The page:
In Paul's most recent podcast, he and Bill are lamenting the herbicides that have been sprayed on Bill's property. Paul offered a few options for remediating the problem -- but most involved tilling to UV-degrade the chemicals, or adding additional soil in the form of sheet mulch in order to dilute the chemicals.
A third option is advocated by Paul Stemets -- using mushroom-inoculated mulch as a source of enzymes which digest the long-chain organic molecules which make up the herbicides.
Paul Stamets's strategy is simple: spread 1 inch of fresh wood chips over the site of the contamination. Wet well. Spread grain spawn, sawdust spawn, or myceliated straw or cardboard over the chips. Then cover with 3 inches of further wood chips. Don't go too deep, because the mycelium need oxygen.
Over the next 2-4 years, the mushrooms will grow through the wood chips, digesting them, and sweating digestive enzymes from their hyphae, which will then wash into the soil, where they will attack the organic molecules of the herbicide.
Be careful not to seat the mushrooms from these contaminated areas, since they will take up the herbicide into their tissue before they digest it. Also, double-check whatever mushroom species you use to see if it accumulates heavy metals, since fields with lead, selenium, or other minerals can be concentrated in the mushroom fruits.
Mycelium Running is an amazing book to get started with, and has a huge number of potentially awesome ideas for permies.
What is done with the mushrooms after they have grown and soaked up all these toxins? Can they be kept on site and composted or will that just re-leach the toxins back into the soil. Would you then have to dispose of them at a land fill?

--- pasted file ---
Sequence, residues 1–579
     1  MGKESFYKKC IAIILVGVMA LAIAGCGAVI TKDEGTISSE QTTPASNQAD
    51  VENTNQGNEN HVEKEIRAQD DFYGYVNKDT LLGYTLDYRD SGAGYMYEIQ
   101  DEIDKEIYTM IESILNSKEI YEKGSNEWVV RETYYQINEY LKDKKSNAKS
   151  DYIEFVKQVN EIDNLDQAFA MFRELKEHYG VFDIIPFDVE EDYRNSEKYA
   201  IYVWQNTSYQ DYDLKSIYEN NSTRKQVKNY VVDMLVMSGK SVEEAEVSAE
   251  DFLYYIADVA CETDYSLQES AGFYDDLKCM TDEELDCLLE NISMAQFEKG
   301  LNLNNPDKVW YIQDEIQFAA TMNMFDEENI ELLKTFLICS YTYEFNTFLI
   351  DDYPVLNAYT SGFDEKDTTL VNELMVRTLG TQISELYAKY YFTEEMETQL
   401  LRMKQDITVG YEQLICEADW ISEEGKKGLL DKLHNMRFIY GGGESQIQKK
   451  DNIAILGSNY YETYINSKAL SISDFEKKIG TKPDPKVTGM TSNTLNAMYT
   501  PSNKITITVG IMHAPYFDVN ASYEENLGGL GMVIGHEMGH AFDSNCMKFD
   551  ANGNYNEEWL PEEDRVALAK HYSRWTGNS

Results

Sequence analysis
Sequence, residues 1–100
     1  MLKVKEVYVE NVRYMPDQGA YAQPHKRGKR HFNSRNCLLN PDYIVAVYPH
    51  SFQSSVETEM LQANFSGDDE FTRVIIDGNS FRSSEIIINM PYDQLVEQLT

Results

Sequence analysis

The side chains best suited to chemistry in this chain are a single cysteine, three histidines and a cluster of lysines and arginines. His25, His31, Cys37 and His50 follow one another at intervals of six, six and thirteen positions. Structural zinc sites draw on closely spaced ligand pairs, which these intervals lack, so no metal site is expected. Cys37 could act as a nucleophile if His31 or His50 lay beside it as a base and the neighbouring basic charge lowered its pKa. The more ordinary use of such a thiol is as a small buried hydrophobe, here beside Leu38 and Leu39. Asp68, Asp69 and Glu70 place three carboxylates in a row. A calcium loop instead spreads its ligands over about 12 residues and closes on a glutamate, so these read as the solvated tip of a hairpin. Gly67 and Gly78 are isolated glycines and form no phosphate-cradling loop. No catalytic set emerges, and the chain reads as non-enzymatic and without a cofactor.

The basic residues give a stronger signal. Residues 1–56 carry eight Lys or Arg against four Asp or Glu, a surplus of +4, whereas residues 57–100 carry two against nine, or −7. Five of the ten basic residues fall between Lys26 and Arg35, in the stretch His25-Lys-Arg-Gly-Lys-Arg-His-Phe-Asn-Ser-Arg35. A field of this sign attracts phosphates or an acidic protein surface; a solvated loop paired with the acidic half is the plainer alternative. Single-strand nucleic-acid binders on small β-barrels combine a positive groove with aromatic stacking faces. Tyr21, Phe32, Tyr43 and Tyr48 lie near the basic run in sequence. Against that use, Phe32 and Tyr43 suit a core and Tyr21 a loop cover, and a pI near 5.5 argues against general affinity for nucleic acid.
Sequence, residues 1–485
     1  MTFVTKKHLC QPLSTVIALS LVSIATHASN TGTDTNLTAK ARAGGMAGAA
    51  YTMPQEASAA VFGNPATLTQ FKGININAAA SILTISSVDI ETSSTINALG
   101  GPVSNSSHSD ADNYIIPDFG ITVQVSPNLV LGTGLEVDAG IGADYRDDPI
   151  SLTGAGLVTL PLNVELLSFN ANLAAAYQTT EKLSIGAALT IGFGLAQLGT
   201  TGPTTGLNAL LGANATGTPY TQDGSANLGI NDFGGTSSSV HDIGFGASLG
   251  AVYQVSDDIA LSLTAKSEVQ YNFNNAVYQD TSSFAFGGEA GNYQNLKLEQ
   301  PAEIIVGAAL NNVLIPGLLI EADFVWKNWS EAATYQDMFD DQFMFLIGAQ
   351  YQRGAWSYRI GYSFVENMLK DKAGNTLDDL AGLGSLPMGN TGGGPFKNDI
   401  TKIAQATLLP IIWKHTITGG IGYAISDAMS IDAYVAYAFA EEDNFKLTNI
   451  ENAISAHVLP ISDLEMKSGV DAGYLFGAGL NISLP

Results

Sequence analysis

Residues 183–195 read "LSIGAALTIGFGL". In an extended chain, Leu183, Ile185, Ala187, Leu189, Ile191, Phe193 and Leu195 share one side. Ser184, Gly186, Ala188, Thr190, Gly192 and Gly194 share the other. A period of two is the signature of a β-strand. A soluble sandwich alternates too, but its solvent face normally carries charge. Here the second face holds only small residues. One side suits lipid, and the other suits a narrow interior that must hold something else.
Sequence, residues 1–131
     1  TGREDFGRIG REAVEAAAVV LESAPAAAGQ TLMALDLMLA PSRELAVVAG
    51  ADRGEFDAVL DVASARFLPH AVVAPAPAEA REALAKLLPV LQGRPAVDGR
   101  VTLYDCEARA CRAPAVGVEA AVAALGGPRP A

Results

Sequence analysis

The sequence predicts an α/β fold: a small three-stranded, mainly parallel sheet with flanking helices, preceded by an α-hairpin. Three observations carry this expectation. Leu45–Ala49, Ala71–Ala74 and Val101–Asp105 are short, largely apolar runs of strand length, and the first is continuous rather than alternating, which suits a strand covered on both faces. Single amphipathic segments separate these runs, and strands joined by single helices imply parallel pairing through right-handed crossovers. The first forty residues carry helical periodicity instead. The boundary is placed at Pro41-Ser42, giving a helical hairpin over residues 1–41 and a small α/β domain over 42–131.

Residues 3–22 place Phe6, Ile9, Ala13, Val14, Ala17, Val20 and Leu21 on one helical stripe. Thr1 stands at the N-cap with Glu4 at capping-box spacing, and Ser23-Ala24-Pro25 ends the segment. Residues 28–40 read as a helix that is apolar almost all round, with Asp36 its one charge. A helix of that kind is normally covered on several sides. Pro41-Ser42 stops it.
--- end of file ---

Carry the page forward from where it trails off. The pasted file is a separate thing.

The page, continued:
They don't soak up the toxins, they break them down into innocuous compounds so there is no disposal problems. Though they are safe to eat, based on extensive analysis, when I was in the field the mushrooms were ground up and fed to the final vermicomposting stage and so just became that much more good soil. Not sure what current practices are.
It can be done!
Location: Amarillo, TX.
posted 8 years ago
Awesome! Thanks for the reply. There doesn't seem to be any reason NOT to use mushrooms!
paul wheaton wrote:The magic ingredient here is: do they do anything with aminopyralid, clopyralid and/or picloram?
I think it is possible/probable that oyster mushrooms can break down other stuff and ignore these.
To reignite this old thread -- as this is definitely still a pressing issue -- have folks seen any new information about whether oyster or any other mushrooms do anything with aminopyralid, clopyralid, picloram, or triclopyr? We live in mesquite lands, where the federal government in its infinite wisdom has seen fit to subsidize the aerial spraying of Dow/Cortiva's Sendero (aminopyralid and clopyalid) and Remedy (triclopyr) over thousands of privately- and publicly-owned acres by ranchers who vilify mesquite and other leguminous shrubs as "invasive" enemies of their pastures. Locals are seeking solutions for restoring tons of contaminated soil so they can begin to regrow trees and shrubs that took them decades to establish. It would be so helpful, psychologically as well as otherwise, to have some steps to take to begin to address the damage at least to the soil. Since these chemicals are sprayed on the headwaters of local rivers and creeks immediately prior to the annual monsoon (during the most intensely windy season, so there are many drift complaints to the state agriculture department from our county each year since this began), there's also a real concern about surface and groundwater contamination, but recovery has to start somewhere, right?
"Do the best you can in the place where you are, and be kind." - Scott Nearing
No matter. Try again. Fail again. Fail better. This time, do it with this tiny ad: